Meditation on Poems of the Nine Monks; Chinese Writing; A Zen Sonnet; The Last Ditch; What You Have to Get Over

Meditation on Poems of the Nine Monks


No robe of patches, no yogin’s hut
in a secluded mountain gulch,
but still, each morning,
I long for a poetry with the taste of gnarled wood,
a poetry to make children laugh and old men glad,
of little solitary humans in cloud-covered mountains,
poetry wrapped in mist or moonlight,
where there are deer and wild cranes,
dark clutching forests,
simple things: tea, wine, moonlight,
those calm fleeting pleasures,
for each night the world comes at me
swifter and swifter, wave upon wave. Thoreau wrote,
“Hardly a man takes a half hour’s nap after dinner
but when he wakes he holds up his head and asks
‘What’s the news?’”
The news?
In upper New York State, the wind keeps blowing
through a grove of white pines;
someone right now, right at this instant,
is smelling cinnamon. Someone else
has just put down a book and sits quietly staring at a wall,
fish are jumpin’ and the cotton is high. . . .
What struck me years ago
as the greatest title in American English,
Hot Afternoons There Have Been in Montana,
comes into my mind, then fades. A grudge appears.
A jealousy.
How serene the Buddha’s face forever looks.
Old MacDonald had a farm,
ei ei o. How difficult it is to calm the mind,
nearly hopeless: the Iraq War,
Where’s Monica Lewinsky? What’s she doing now?
Yo, ho, ho, and a bottle of rum. And then,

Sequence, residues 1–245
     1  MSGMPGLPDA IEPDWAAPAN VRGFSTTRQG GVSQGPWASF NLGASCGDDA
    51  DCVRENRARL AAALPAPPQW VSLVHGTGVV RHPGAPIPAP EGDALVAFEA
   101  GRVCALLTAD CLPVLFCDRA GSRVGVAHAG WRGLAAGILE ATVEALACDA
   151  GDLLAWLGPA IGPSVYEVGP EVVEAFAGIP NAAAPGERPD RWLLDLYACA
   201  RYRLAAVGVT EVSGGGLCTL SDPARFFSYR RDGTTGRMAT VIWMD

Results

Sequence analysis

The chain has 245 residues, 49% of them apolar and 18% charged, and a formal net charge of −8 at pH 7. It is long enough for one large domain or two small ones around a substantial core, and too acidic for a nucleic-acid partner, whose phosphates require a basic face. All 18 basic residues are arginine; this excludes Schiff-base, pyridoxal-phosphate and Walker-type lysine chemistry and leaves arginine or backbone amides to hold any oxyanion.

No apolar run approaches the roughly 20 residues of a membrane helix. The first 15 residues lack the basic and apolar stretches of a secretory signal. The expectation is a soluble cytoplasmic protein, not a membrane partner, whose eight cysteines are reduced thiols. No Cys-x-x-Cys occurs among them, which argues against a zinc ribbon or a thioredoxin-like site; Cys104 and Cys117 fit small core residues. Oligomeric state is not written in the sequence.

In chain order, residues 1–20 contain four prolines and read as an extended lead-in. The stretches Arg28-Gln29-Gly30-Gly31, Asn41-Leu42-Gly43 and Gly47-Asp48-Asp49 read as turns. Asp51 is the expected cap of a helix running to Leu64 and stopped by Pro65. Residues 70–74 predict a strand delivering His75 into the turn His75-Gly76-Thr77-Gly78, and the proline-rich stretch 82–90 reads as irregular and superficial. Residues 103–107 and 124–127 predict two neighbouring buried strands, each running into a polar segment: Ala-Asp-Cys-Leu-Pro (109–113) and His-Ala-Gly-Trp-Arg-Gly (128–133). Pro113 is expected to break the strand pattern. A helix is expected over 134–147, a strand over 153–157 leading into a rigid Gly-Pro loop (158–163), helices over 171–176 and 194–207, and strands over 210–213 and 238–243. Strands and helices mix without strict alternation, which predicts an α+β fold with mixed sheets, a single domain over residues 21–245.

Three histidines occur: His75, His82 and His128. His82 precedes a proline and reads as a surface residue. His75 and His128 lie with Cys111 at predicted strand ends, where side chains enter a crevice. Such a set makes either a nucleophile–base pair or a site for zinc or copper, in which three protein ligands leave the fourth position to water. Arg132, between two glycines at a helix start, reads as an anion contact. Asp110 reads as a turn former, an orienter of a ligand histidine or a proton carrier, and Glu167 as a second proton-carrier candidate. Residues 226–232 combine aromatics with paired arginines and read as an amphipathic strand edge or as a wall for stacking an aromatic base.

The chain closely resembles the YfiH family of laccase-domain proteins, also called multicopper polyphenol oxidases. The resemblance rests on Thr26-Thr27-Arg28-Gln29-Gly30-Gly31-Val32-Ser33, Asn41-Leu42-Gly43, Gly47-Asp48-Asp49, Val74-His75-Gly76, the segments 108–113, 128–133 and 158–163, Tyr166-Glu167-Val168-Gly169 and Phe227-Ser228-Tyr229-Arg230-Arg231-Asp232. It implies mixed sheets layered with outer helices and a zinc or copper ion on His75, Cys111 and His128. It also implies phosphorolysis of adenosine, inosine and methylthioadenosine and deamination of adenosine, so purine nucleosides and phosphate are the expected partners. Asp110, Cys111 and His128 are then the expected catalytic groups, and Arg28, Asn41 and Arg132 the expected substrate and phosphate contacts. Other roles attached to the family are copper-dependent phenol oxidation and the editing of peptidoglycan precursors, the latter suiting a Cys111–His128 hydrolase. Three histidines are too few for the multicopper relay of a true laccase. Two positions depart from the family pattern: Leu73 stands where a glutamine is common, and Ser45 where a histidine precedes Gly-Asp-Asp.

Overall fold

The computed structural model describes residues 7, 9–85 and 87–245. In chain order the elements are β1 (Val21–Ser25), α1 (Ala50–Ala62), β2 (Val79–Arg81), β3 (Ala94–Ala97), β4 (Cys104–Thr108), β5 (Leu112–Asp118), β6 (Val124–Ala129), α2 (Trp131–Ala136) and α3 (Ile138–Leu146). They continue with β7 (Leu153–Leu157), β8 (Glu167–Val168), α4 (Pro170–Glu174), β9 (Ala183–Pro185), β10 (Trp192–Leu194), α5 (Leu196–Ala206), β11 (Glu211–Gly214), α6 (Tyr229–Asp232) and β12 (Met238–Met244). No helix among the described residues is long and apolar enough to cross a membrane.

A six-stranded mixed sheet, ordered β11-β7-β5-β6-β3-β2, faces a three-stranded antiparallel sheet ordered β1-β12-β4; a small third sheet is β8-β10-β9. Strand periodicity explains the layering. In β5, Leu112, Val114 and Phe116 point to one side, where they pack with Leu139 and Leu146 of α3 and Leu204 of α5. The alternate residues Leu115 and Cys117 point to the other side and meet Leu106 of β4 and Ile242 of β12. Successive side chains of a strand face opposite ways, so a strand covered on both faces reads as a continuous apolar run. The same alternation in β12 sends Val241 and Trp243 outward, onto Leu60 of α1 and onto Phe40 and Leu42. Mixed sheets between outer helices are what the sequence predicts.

through all the electrical and magnetic forces that hold us together,
stroll the wandering-cloud poets,
their lives of drinking and writing and farewells,
one branch of plum blossoms come into bloom
among ten thousand frozen trees;
the mountain rivers, the still lake with a battered wooden boat
moored in the distance.
To die and leave only
“a five-string zither and an ailing donkey.” In Chia Tao’s poem,
“Overnight at a BuddhistMountainTemple,”
One Buddhist monk,
Eighty years old
Has never heard
Of the world’s affairs
and is not diminished.


Chinese Writing


In my first week of studying Chinese writing,
I placed two horses beside two tigers
and the word careless formed.
With just five brushstrokes, I made an eye,
yet it took twelve for happiness,
eleven for success and fourteen for long life,
which I brushed on rice paper,
trying to master all the hooks and angles
of those difficult strokes. But then, writing English again,
for the first time since third grade I started to count
how many barely discernible movements my fingers make
guiding my favorite pen into broken cursive loops and crannies,
swirls and down strokes, up strokes, cross strokes
entering and leaving every sentence,
the anguished commas and dashes, the little ellipses
come out of their hiding places as if they were
pinpricks of honey at the end of clover spikes,
into this fine moving world.
And with such minute pleasures I was content
at the end of the day, which the Chinese might paint as rì-yuè,
or time passing in falling tones,
almost as beautiful as míng baí, to understand
those wonderful tiny crate characters,
that miniature broken ladder character,
the rising tones of sun, moon, clear-white, in two squares of sky.

A Zen Sonnet

(news clip on WTNH-TV, New Haven, CT)

It’s the knowing of not knowing, the firefighter said,